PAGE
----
A recent study in France has revealed that domesticated horses may be too reliant on their owners.
While we all like to think our horses love us unconditionally, the truth could be that they’re simply not bright enough to survive without us – and according to the research it’s all our fault.
"We hypothesized that horses that are more attentive to humans are dependent on humans' actions for resources such as food to such an extent that domesticated horses are no longer self-sufficient," explained Clémence Lesimple PhD, from the laboratory of animal and human ethology at Rennes university in France.
They decided to put their theory to the test using 46 riding school horses. An hour before their dinner time the researchers put food into a wooden chest in their stable, to see if they could work out how to open it.
There were given three chances, each one three minutes long, to lift the chest lid, and each time they were shown how to open it by Lesimple.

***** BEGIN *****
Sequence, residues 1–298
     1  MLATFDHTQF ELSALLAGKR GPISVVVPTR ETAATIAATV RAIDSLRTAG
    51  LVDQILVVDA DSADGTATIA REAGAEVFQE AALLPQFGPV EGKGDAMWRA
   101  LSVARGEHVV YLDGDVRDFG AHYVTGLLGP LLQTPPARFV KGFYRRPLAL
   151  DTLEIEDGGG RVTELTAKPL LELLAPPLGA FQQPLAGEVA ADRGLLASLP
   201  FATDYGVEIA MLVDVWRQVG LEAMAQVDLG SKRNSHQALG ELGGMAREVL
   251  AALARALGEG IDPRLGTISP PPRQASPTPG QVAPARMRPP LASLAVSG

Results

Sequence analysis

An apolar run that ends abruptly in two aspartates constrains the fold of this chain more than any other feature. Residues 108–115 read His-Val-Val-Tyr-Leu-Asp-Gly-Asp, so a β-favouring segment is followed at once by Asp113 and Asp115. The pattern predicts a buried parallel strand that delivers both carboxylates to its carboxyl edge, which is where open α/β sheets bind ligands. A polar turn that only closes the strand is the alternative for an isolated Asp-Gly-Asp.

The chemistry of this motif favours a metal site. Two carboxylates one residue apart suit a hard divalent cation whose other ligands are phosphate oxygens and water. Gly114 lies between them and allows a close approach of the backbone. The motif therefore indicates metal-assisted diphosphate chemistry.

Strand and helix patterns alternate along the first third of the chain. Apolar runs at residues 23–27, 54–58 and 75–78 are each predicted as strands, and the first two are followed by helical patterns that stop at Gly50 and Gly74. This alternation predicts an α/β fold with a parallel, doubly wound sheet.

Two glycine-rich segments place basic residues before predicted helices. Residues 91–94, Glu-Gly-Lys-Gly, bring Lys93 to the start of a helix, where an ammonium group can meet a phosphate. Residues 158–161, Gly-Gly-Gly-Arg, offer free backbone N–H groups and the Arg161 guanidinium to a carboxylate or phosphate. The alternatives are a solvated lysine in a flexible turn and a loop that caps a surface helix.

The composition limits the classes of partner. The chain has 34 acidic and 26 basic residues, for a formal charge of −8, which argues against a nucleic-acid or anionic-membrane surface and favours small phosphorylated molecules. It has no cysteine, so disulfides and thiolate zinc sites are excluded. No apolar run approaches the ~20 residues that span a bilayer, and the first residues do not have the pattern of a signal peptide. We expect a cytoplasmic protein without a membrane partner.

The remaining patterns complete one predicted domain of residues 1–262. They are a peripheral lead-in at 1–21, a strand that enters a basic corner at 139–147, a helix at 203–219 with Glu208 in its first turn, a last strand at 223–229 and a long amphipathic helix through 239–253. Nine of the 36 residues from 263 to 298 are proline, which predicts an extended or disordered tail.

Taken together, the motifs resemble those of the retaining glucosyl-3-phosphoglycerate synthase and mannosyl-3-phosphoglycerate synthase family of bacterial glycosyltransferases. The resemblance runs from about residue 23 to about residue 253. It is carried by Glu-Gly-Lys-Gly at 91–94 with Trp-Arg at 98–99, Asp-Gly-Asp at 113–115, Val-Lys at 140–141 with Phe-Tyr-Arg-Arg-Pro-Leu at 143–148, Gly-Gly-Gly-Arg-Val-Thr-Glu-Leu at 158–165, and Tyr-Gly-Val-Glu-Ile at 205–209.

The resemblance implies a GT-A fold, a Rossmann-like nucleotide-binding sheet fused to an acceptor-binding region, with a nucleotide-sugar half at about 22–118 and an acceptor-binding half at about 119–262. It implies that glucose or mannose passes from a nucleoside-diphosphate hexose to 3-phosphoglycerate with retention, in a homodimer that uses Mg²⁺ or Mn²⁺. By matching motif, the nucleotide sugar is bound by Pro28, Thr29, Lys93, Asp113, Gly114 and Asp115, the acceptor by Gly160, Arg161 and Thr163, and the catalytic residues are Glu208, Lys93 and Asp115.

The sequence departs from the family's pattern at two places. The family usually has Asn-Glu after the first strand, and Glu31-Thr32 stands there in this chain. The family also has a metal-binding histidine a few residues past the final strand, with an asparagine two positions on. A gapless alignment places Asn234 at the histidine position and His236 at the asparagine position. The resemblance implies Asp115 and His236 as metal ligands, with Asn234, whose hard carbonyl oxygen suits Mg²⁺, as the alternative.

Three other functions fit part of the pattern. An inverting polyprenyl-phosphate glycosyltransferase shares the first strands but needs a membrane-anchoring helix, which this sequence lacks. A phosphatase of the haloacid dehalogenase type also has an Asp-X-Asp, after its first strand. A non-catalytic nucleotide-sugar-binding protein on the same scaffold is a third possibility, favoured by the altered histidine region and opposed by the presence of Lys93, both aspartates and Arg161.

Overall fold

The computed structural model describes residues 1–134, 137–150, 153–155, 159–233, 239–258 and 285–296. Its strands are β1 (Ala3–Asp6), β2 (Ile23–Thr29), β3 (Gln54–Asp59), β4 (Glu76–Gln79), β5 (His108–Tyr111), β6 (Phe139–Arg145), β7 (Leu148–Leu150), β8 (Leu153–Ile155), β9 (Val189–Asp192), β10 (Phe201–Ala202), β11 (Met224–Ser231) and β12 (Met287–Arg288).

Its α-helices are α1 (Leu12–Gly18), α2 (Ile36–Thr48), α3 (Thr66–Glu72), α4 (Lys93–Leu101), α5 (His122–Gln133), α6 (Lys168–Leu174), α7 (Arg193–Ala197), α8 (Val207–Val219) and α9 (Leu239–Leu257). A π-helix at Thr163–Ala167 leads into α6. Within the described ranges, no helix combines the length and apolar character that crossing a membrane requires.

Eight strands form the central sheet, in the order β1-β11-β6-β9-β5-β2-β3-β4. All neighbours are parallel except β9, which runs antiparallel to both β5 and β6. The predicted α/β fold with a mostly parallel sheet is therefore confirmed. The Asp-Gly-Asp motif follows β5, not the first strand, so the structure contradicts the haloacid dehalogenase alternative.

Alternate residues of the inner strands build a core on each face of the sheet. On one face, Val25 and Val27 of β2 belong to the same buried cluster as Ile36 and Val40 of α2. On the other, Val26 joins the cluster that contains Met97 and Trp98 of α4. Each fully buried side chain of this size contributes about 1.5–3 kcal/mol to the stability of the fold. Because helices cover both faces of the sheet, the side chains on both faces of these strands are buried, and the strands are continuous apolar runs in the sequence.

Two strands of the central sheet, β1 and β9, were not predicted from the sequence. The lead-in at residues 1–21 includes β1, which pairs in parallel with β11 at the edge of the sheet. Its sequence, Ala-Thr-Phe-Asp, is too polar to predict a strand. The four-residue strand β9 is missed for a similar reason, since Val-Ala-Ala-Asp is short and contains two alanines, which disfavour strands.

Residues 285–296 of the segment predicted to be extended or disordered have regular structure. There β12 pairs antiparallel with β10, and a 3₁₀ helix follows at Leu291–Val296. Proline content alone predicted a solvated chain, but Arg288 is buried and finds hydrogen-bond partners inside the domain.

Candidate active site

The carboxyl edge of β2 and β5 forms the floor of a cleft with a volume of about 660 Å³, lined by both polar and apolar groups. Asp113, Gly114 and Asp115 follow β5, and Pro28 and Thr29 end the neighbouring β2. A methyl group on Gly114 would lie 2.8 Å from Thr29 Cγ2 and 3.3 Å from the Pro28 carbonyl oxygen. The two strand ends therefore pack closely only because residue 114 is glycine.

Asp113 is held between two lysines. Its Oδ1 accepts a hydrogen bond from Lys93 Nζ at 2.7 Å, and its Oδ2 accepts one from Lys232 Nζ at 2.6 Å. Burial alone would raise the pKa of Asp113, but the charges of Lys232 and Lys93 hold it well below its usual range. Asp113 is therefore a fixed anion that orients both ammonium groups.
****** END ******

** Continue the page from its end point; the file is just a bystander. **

The first time Lesimple lifted the lid she allowed the horse to see the food inside, and then moved it. The second time she let the horse put its nose inside the chest and smell the food, and the final time she let them eat a mouthful.
While most of the horses showed an interest in the chest, only half of them managed to open it. The other half were more interested in the Lesimple, and displayed the most frustrated behaviour such as headshaking, pawing, snorting and ‘vaccum chewing’ (chewing with nothing in their mouth). They also showed more interest in their usual feeding trough.
According to Lesimple this could either mean they did not understand the task and relied upon humans to solve the problem for them, or they had their attention focused on her face and therefore not on the way the chest could be opened.
"These findings suggest that horses with strong attachments to humans could lead to an impairment of problem solving abilities," said Lesimple.